[As] pure entertainment, Gracey’s energetic effort succeeds in a way that goes well beyond anything I antic pated before entering the theatre, The Greatest Showman a three-ring phenomenon the entire family is almost certain to enjoy.
War for the Planet of the Apes is one of the great summertime tentpole adventures in recent memory, Reeves delivering a science fiction epic almost certain to stand the test of time.
Logan isn’t just a great comic book movie, isn’t just a superb X-Men adventure, it’s a fantastic motion picture, period, and Mangold, Jackman and everyone else involved with its creation should be more than proud of what it is they’ve accomplished.
Not to say I believe The Space Between Us is worth a viewer’s time and money, not even that of the teenage audience this story is so clearly targeted at, this interplanetary romance a rocket ship of schmaltz and cliché that’s impossible to take seriously.
Problem is, little of it is clear. Worse, most of it gets drowned in so much guts and gore, not to mention irredeemably abuse and sexism, listening to it is close to impossible. The Hateful Eight has lots to love, but just as much to abhor, making it something an elegant enigma that’s as frustrating as it is impressive.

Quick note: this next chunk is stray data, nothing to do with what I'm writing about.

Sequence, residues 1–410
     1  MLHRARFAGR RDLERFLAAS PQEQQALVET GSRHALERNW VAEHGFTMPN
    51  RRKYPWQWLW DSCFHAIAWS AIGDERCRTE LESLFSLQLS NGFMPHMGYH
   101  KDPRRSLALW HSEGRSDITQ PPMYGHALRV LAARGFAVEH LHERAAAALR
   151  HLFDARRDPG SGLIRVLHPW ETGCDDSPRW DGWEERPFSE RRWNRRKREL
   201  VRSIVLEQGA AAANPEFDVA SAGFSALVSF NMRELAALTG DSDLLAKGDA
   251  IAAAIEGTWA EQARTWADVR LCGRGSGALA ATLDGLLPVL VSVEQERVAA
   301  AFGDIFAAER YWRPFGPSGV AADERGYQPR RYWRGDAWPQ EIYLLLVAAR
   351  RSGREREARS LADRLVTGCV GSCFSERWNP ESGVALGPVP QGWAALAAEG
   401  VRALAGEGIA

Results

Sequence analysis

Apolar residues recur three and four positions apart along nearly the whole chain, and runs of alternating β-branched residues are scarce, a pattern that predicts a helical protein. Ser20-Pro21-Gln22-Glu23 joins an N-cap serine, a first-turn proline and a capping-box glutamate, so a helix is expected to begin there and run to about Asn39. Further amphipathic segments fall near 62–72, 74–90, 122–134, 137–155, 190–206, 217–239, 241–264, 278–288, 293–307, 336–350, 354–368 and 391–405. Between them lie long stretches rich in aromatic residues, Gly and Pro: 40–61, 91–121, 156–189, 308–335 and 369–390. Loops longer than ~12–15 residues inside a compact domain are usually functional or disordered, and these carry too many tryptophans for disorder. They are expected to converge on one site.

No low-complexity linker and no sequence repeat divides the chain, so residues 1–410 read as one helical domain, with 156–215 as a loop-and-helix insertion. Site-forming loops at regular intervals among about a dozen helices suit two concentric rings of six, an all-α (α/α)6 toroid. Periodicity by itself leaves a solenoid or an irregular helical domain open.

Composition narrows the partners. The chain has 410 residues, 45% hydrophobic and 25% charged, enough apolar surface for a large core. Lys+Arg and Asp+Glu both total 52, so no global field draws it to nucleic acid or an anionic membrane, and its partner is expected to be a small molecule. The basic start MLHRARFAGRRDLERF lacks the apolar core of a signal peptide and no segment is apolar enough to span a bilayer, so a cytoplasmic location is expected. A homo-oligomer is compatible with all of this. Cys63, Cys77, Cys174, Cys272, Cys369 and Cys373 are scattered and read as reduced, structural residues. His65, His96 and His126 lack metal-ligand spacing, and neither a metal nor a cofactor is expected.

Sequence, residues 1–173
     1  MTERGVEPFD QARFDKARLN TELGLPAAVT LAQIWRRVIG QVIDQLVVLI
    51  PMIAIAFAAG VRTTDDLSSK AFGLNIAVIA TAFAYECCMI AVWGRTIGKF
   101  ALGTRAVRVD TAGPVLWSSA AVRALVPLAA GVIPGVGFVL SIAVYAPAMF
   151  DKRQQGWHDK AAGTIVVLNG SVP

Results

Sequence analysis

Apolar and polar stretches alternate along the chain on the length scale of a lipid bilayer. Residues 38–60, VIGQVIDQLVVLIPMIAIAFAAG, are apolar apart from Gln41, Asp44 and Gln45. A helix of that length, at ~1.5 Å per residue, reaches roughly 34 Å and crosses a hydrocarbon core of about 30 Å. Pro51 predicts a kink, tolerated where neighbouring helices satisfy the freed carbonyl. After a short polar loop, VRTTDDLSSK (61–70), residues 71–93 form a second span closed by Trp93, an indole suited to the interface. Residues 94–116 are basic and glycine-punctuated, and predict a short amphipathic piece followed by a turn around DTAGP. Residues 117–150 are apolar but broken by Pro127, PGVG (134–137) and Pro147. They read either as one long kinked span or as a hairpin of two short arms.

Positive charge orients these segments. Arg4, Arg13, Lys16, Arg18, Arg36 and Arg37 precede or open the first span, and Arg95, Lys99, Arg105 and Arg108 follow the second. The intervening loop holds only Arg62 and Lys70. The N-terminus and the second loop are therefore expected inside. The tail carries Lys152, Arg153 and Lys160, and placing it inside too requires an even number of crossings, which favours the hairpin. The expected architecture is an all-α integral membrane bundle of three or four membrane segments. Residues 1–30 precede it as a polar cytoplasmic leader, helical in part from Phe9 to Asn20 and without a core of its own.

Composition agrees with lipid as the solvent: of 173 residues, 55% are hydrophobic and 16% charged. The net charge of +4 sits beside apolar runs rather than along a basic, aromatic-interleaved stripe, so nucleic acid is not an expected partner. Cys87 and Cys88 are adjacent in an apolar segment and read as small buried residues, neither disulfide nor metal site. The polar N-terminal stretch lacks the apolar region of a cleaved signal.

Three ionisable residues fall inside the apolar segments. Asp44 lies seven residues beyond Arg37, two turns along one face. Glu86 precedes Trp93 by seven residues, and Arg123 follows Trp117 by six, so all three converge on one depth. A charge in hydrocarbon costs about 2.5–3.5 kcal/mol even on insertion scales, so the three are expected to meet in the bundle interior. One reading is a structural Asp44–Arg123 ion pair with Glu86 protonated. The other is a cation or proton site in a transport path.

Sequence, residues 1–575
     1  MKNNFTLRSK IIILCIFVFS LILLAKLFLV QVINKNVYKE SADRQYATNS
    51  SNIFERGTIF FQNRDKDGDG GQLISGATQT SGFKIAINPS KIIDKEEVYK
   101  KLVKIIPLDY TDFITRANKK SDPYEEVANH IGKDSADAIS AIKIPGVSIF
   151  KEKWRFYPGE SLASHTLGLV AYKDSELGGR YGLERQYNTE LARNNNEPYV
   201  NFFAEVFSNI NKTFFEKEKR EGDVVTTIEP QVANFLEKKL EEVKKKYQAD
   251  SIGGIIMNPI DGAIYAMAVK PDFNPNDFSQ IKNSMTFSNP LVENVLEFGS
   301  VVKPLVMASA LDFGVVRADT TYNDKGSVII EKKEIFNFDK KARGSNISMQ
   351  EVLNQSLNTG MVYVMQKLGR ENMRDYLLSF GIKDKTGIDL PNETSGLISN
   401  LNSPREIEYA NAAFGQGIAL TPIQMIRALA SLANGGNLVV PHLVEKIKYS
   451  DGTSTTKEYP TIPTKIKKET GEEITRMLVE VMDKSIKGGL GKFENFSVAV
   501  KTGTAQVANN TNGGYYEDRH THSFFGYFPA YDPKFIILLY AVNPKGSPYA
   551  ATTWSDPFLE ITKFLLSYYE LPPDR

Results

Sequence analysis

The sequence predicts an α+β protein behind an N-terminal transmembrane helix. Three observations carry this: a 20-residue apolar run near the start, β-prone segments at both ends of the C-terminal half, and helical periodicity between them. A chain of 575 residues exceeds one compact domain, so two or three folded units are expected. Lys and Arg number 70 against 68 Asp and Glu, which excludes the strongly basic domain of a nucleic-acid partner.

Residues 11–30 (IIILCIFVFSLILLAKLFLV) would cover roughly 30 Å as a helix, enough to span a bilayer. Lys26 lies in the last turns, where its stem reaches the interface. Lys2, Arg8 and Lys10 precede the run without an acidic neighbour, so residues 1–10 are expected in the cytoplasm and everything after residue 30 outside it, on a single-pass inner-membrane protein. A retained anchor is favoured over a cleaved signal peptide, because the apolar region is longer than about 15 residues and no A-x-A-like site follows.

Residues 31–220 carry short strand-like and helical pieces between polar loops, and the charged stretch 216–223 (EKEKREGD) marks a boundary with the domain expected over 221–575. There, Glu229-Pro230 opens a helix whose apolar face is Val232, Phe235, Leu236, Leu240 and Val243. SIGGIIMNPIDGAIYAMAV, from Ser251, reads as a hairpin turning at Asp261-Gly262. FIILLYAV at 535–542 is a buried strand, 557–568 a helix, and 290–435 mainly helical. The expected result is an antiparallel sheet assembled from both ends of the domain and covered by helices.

[Magic Mike XXL] is a blast, an animated shot of bare-chested adrenaline that’s easy to drink and even more satisfying to savor, the sequel stripping inhibitions to the point they vanish leaving only pleasure behind.
In the case of this 169-minute 2001: A Space Odyssey meets Close Encounters of the Third Kind meets Contact epic, it is likely Nolan’s reach exceeded his grasp, much of this otherworldly adventure never gelling together in ways that are comfortable or satisfying. Yet Interstellar is unabashedly thrilling, euphoric and mesmerizing.
I Origins is a beautiful treatise on self, human understanding, religion, science and most of all faith. It moves, shifts and evolves in naturalistic fastidiousness, everything building to a magnificent conclusion.
But the central dynamics remain strong throughout, and when you add Peña’s magnificent performance and Luna’s concentrated direction in the equation Cesar Chavez ends up being a far more invigorating and informative biography than it probably should have been.